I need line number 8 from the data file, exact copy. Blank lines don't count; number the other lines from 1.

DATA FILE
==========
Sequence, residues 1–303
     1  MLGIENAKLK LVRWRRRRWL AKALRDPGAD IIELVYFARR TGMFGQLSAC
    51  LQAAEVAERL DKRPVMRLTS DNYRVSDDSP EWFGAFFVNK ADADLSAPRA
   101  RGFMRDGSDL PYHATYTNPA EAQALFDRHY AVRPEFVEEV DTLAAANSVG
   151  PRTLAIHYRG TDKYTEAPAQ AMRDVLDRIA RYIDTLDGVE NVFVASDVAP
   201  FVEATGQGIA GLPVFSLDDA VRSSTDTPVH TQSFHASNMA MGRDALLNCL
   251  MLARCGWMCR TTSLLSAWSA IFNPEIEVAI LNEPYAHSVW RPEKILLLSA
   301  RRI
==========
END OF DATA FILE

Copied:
   301  RRI